Housing Starts Bounce Back in September
- Oct 20, 2014
Privately owned U.S. housing starts in September were at an annualized rate of 1.017 million units, according to the Census Bureau on Friday. That’s 6.3 percent above the August figure of 957,000 units, which represented a considerable drop over previous months in 2014, and is 17.8 percent above the September 2013 rate of 863,000 units.
Both single family and multifamily starts rose, but—true to pattern—multifamily starts gyrated a lot more. Single-family housing starts in September were at an annualized rate of 646,000 units, which is 1.1 percent above the August figure of 639,000. The September rate for units in buildings with five units or more was 353,000, up 18.5 percent for the month. Year-over-year, single family and multifamily starts rose 11 percent and 30.3 percent, respectively.
Residential building permits came in at an annualized rate of 1.018 million units in September. That’s 1.5 percent higher than the August rate and 2.5 percent above the September 2013 rate. The gain in building permits was entirely because of multifamily, which was up 7 percent for the month; single-family permits edged down 0.5 percent in September compared with August.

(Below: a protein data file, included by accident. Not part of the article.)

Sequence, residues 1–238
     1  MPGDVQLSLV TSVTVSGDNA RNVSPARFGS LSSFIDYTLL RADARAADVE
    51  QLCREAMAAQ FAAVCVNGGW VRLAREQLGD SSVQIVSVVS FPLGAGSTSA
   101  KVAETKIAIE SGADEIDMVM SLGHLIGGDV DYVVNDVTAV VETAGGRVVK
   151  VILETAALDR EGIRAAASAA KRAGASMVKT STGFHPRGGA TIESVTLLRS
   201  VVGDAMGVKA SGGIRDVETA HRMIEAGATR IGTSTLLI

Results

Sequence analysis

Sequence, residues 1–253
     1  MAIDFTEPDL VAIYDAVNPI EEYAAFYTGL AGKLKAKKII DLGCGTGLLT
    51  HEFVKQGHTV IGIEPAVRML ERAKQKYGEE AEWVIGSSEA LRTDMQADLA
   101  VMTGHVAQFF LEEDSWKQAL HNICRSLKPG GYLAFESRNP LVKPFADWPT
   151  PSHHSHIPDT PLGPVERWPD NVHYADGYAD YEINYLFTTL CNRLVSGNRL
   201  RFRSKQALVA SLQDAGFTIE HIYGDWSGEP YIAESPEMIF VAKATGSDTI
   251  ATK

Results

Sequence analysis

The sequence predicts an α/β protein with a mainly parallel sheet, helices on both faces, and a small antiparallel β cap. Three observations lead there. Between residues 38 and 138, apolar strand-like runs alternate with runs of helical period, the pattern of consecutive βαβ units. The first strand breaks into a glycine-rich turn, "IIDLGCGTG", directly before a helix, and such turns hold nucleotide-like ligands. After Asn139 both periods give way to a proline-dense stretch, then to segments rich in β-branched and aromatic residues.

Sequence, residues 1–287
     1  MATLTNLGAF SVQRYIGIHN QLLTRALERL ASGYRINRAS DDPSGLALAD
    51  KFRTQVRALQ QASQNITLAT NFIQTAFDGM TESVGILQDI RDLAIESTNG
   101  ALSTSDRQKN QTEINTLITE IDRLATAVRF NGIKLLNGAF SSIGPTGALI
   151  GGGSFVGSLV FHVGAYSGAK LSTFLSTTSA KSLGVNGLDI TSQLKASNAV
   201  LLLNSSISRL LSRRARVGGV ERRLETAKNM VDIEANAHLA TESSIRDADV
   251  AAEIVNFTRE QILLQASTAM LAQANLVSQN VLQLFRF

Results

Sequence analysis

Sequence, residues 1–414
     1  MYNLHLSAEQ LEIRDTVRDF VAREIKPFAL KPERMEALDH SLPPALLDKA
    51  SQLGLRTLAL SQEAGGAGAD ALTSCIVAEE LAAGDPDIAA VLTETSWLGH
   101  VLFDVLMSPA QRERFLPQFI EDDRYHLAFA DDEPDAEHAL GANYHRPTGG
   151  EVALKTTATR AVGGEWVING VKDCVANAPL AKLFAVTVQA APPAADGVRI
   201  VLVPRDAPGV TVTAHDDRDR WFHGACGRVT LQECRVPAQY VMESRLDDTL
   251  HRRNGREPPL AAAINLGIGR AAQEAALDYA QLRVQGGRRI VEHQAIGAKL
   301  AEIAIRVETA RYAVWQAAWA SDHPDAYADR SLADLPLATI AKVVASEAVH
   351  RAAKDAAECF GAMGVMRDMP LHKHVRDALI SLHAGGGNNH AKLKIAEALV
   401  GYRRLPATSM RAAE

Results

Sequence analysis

Consumer sentiment strengthens
Could it be lower gas prices? Despite some unsettling economic news lately, and pestilence-related panic-mongering among news outlets lately, consumer sentiment was up 1.8 points to 86.4 for the mid-month October, according to the University of Michigan, which released its consumer sentiment survey for mid-month on Friday. That’s the highest the metric has been since July 2007.
The expectations component, up 3 points to 78.4, drove the overall gain; that’s the best reading for expectations since October 2012. Not quite as high compared with before the recession, but still reasonably strong, was the conditions component, which was unchanged at mid-month at 98.9.
The University of Michigan’s Consumer Survey Center bases its numbers on questioning 500 U.S. households each month on their own financial conditions and attitudes about the broader economy. Consumer sentiment is an indirect measure of economic strength, since consumers with better feelings about the direction of the economy are likely to spend more.
Fifteenth bank failure of 2014
The rate of U.S. bank failures has slowed to a trickle in 2014, with only 15 so far. The latest came over the weekend—the first since July—when the FDIC closed NBRS Financial of Rising Sun, Md. As of Q2 2014, NBRS Financial had about $188.2 million in total assets and $183.1 million in total deposits. Last year, a total of 24 banks failed; back in 2010, the most recent peak for U.S. bank failures, 157 banks went under.
Wall Street rebounded on Friday, with the Dow Jones Industrial Average up 263.17 points, or 1.63 percent. The S&P 500 advanced 1.29 percent and the Nasdaq gained 0.99 percent.